1. Why is it called essential tremor?
Essential tremor (ET) is a neurological condition that causes involuntary shaking or trembling. It’s one of the most commonly known motor disorders that has affected approx 1% of the world population.
Since tremor is the key symptom of ET and its diagnosis is based on the presence of tremor, hence it’s called ET. The terms ET was first used in 1874 by an Italian professor named Pietro Burresi.
2. How many people are affected by this condition?
ET is a growing health concern worldwide. There are approximately 41 million people around the world who are suffering from this condition. In the USA alone, there are more than 7 million cases that correspond to 2.2% of the USA population.
3. Who is at higher risk of developing essential tremor?
Although ET can appear at any age, those who are over the age of 40 are commonly affected. It is estimated that more than 4% of the world population over the age of 40 are suffering from this disorder. Especially, those who are over 65 are more susceptible.
4. Are there any other signs appear beside tremor?
Besides tremor, the impaired gate is another motor sign of ET. Like tremor, it can also bother the patient’s daily life.
Essential tremor also has some non-motor features. The most common non-motor symptoms include cognitive deficits, hearing loss, and personality changes. In addition, people with ET may also experience sleep problems.
5. Besides hands, what other parts are affected by essential tremor?
Tremor is the key symptom of ET that appears in hands. Besides hands, the tremor may also affect body parts like the head, neck, tongue, jaw, and legs.
6. What causes essential tremor?
Although the exact cause of ET is still unknown, researchers have identified a number of factors that may increase the risk of developing this disorder.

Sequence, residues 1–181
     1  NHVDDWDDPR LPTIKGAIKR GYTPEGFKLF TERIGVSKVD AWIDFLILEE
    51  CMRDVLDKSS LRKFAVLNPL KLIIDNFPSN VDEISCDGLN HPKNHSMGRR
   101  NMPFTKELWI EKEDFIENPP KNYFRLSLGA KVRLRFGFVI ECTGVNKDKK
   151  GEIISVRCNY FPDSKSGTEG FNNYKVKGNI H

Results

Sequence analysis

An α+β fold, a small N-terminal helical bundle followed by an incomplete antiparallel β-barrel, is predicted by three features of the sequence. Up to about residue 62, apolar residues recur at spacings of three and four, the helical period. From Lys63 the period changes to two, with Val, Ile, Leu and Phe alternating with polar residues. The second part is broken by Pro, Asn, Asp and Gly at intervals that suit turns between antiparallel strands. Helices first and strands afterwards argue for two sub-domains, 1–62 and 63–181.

Genetics plays a big role in the development of ET. About 50-70% of patients have a family history. Although more than 11 defective genes have been known that are linked to ET, no ET-specific gene mutations have yet been identified.
There are numerous environmental toxins that are known to cause or increase the risk of developing ET. These include pesticides, mercury, lead, and harmane.
Increasing age could also be a risk factor for ET. The chances of developing the disease increase as a person gets older.
7. Essential tremor is an action tremor, what does it mean?
Essential tremor is usually called an action tremor. It is because of the fact that the tremor appears when the hands are in action; for example, when the hands are busy performing different activities like drinking, eating, and writing. The tremor disappears when the hands are at rest.
8. How to diagnose essential tremor?
There is no specific test available for the diagnosis of ET. In the clinic, a patient is first checked for the presence of tremor. To confirm whether the tremor is linked to essential tremor, a patient is asked to write, draw, or drink water from a glass.
A patient is also tested for abnormality in the nervous system functioning like muscle strength, gait, and posture.
In addition, the patient’s family history is checked to confirm whether any family member has the condition.
9. What treatment options are available for essential tremor?
Medication is the most effective way of dealing with ET. The most common drugs used to treat ET include primidone and propranolol. Primidone is a beta-blocker that is used as first-line therapy. Propranolol is an anti-epileptic drug and is prescribed when a patient is not responding to primidone. When both drugs failed to improve the tremor, a drug called botox is used in the form of injection.
A surgical procedure called deep brain stimulation is used when medications are no longer effective in controlling the tremor. This approach is considered to be very effective and become a routine treatment for people with tremors.
10. Besides medication, what other approaches should be used to deal with essential tremor?
Medication can certainly reduce complications of ET, but it’s not the only way to deal with it. There are other approaches that need to be considered in order to feel and live much better with this condition. For example, a patient should do the following hand exercises:
- Flicking the hand
- Squeezing or rolling a ball for few seconds
- Spinning the pen
- Resistance training; dumbbell bicep curls, wrist flexion, and wrist extension exercises
In addition, the use of the following assistive devices may help to reduce the tremor’s effect during eating or drinking.